I am an Apple fanboy and I admit that. But one of the most frustrating things in being an app developer is dealing with the App Store review and compliance teams. This time I would like to share my experience with these problems.
Even Apple’s former app approval chief has said that he is ‘really worried’ about the company’s anticompetitive behavior.
Selecting images from our iPhone library is needed when changing a profile picture, posting an update, or sharing the photo of your pet. In this post, we are going to look into how to use
PHPickerViewController with SwiftUI. Apple announced this view controller at WWDC2020.
PHPickerViewController is a view controller that gives way for our app users to pick assets from their photo library. It provides a well-known user interface, and we don’t need to bother about building that.
One nicety that comes with this approach is that we don’t need to worry about adding information to access our user’s photo library in
Info.plist file. Users can decide to allow access either to all photo library or selectively grant access to particular photos. …
Once you create a SwiftUI view, it has the default background color, white for light mode and black for dark mode respectively. How can you change it to something different? Let’s look into that today.
In this article, we will talk about different techniques that we can use to change the default background for our SwiftUI views.
The first approach that comes to mind is using
.background() modifier. Sadly Apple hasn't provided documentation for this. It takes in a view that is set as a background for the view we are adding this modifier to.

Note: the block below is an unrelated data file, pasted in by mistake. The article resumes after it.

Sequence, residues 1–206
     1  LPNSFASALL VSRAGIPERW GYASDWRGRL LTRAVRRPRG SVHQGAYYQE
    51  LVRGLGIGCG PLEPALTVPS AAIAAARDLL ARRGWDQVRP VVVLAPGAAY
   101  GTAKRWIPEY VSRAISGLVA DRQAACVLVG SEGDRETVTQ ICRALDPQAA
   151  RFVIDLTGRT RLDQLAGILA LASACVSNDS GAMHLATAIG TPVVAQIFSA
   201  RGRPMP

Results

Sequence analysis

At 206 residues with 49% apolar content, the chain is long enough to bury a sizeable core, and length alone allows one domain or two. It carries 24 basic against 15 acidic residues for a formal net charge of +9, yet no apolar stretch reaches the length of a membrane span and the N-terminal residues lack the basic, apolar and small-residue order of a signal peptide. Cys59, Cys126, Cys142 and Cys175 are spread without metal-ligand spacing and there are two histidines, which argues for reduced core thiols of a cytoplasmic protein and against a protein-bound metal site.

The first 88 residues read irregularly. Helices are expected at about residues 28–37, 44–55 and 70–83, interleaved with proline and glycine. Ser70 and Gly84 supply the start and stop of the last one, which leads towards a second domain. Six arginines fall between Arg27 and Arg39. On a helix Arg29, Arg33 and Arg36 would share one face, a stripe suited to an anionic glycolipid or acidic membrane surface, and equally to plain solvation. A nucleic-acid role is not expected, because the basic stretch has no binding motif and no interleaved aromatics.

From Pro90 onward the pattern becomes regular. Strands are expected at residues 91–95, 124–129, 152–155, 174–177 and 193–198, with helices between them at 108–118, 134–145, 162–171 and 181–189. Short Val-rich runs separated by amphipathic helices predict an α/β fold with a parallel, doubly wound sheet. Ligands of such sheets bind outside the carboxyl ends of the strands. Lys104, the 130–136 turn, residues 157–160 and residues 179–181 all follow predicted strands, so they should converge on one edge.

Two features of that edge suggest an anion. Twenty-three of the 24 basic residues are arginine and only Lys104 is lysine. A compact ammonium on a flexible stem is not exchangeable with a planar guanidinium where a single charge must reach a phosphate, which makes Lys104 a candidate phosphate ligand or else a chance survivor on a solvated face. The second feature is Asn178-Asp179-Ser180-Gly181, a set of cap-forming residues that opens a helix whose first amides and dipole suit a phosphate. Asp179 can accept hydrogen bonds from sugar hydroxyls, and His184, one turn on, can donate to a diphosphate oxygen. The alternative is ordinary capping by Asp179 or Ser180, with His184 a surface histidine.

In this case, we want to change the background color. For instance, we can pass in
When presenting a small piece of extra information on the screen, showing a modal view is essential. With UIKit, we could do this with
However, when using SwiftUI, we need to shift our thinking towards using view or environment state, as the modal view is now called a sheet.
Let’s check this out in detail.
SwiftUI sheets help us show a modal view to users.
sheet is an instance method to the View Presentation. It describes how we can show our SwiftUI views, covering specific user journey scenarios.
Let’s say we want to display information about our app to users. …
The launch screen is the first interaction that users see when using our apps. That’s why investing time in making our app launch screens feel responsive and visually appealing is important. We are playing with the “perceived time,” and it can make a great first impression.
At WWDC 2020, Apple introduced a new way to implement a launch screen for SwiftUI apps in iOS 14 using Xcode 12. When we create a new SwiftUI app, this is the new way to make launch screens. We can still use the old way with the Storyboard launch screen in our existing apps.
All the setup is done in the
Info.plist file. We can see that there is an empty
Launch Screen key with the Dictionary type. …
A while back, we looked into Dynamic Type with the system font. This time, we are going to check out how to use Dynamic Type with a custom font in our iOS apps. Apple provides great APIs to make our apps accessible — even if we’re using custom font styles.
First, we need to add our custom font to the project. There are several steps involved, so let’s go over them.
We need to add a font file to the Xcode app project. Currently, True Type Font (.ttf) and Open Type Font (.otf) files are being supported. Just drag and drop files in your XCode project. …
Finding places, navigating our way, or simply checking what’s around — these are essential things that smartphones can help with. This year Apple added maps functionality to the SwiftUI framework. Let’s check out how we can use it and what are the current problems.
Swift on the server lately is getting more traction despite IBM leaving the club. One of the most popular frameworks out there is Vapor. It is built on top of Apple’s SwiftNIO and written fully in Swift programming language.